As I promised in my last editorial here is an update on the progress of my 10-foot, 500-gallon freshwater community aquarium. Along with a series of photos I just took I’ll record how I maintain the biotope, with some water quality measurements. The relatively high temperature, use of CO2, feeding regime, and biweekly water changes are mostly dictated by the needs of the 9 discus fish.
I generally feed the tank twice a day. In the AM I feed discus fish flake food, which all of the fish enjoy. In the PM I feed frozen blood worms, which I feed every 10-minutes until gone. I do this to make sure that the discus fish get enough to eat. They are slower feeders than some of the rest of the fish, and two of the discus will only eat blood worms.
I keep the temperature at 84 degrees F. Discus fish do best at a temperature of 82 to 88 degrees F. I did have a small a school of White clouds (Tanichthys albonubes) which do best at a water temperature between 60 and 72 degrees F., and clearly a sustained 84 degrees was too high for them.
By the use of CO2, injection, and controlled by a pH controller I maintain the pH at between 6.5 and 6.8. I change about 50% of the water every two weeks. Fortunately, the local water is soft and free of nitrates and phosphates. With the water changes and heavy plant growth, especially from the Java fern (Microsorum pteropus), and various Cryptocoryne varieties I’m able to keep the nitrate concentration below 10-PPM, and general hardness below 5-dKH. Interestingly, the Java fern has now attached itself to the outlet of the EcoTech. See below!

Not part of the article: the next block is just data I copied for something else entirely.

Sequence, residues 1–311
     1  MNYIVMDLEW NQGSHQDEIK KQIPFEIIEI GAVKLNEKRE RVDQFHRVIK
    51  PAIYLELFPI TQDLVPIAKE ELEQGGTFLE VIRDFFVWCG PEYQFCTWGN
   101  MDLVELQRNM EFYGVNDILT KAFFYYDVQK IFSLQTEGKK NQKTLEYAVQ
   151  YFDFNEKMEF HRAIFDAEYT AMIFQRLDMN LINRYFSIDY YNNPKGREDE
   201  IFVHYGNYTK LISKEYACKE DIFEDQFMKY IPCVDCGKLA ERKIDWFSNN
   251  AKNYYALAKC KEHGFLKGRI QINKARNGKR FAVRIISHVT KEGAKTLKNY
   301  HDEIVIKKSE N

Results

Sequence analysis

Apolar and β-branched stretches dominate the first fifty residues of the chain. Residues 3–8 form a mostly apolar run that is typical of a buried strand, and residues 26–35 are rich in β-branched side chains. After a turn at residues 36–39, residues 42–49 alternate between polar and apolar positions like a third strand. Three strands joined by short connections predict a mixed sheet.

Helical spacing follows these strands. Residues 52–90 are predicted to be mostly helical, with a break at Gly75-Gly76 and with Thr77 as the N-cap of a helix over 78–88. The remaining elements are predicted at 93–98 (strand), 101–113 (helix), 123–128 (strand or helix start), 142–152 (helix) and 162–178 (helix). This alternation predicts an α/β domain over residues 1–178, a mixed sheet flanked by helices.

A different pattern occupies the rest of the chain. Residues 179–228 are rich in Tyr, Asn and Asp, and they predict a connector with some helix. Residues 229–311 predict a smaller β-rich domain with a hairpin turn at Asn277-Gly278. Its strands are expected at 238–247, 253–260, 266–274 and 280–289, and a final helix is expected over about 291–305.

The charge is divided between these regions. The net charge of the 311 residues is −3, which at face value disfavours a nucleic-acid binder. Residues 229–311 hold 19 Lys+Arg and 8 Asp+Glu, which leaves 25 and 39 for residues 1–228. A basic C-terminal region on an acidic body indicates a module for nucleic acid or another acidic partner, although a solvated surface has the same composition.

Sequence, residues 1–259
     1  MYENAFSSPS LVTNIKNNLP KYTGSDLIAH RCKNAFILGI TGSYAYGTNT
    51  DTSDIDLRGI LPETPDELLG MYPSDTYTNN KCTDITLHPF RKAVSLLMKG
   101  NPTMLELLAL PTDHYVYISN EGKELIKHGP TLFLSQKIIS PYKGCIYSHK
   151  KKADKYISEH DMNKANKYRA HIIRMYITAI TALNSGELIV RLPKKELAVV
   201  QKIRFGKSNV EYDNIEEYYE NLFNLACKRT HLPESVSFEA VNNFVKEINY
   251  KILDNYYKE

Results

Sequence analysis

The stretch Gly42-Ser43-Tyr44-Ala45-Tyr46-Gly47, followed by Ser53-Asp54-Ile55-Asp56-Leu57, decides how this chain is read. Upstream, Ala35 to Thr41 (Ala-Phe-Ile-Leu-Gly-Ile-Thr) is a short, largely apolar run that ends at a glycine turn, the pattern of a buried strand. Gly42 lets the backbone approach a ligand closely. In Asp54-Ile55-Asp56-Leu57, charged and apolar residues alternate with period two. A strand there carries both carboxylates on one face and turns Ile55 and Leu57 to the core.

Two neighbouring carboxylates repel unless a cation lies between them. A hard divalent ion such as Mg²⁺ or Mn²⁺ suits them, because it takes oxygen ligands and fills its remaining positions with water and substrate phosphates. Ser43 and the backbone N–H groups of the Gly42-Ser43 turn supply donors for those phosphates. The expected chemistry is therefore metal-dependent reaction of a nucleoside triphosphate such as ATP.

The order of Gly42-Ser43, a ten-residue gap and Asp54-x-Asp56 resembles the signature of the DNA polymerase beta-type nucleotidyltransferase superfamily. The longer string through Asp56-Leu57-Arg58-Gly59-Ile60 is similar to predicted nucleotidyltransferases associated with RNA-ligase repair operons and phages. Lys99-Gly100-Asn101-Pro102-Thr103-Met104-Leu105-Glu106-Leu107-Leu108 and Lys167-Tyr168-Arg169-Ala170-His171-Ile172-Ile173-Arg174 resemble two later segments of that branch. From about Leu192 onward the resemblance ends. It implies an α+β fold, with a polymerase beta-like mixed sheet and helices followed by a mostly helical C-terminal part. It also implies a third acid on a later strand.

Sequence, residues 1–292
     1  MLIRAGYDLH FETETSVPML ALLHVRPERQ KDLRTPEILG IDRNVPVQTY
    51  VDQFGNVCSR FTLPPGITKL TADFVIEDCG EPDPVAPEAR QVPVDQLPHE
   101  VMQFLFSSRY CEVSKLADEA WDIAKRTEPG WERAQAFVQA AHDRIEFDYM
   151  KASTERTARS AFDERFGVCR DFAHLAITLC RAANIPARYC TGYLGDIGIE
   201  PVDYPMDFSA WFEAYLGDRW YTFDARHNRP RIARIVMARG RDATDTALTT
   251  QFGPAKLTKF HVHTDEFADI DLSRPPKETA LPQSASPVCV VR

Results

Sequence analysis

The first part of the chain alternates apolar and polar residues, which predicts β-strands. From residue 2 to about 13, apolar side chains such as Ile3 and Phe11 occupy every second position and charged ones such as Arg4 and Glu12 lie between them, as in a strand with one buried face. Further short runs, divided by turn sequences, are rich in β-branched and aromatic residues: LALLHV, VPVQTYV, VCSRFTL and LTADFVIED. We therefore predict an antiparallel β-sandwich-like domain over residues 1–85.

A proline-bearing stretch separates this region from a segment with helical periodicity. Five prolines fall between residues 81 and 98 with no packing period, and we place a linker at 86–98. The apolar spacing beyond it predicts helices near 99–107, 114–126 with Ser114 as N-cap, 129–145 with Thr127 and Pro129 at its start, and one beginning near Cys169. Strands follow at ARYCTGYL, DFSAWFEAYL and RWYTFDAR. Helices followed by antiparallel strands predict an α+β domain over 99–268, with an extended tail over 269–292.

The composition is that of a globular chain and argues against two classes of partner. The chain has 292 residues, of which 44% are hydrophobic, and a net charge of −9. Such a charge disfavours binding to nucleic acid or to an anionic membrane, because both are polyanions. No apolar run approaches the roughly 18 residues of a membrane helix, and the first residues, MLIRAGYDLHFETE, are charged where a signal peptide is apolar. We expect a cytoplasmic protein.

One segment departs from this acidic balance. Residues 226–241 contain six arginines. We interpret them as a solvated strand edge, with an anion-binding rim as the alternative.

The aquarium is illuminated by 10, 56-watt T-5, 10K bulbs. The photoperiod is 12-hrs.
The aquarium is filtered by a large Eheim canister filter, in which the filter media has not been changed in over a year. I do not change the media because I do not want to interfere with its ability to convert toxic ammonia, and nitrites into nitrates. I also use a smaller canister filter filled with activated carbon, which is changed every two weeks.
Following is a series of pictures just taken:
Notice the small army of Kribensis cichlids (Pelvicachromis pulcher), a product of an in tank spawning, and an event that I hope will not repeat itself. I made no attempt to facilitate this. It is a large tank, but I certainly do not want any more of these delightful cichlids. Furthermore, trying to catch them is close to impossible. Perhaps I can convince the current school to practice birth control.
Also pictured above is one of a pair of red lined torpedo barbs (Puntius denisonii). These fast swimmers come from western India, and are quite peaceful.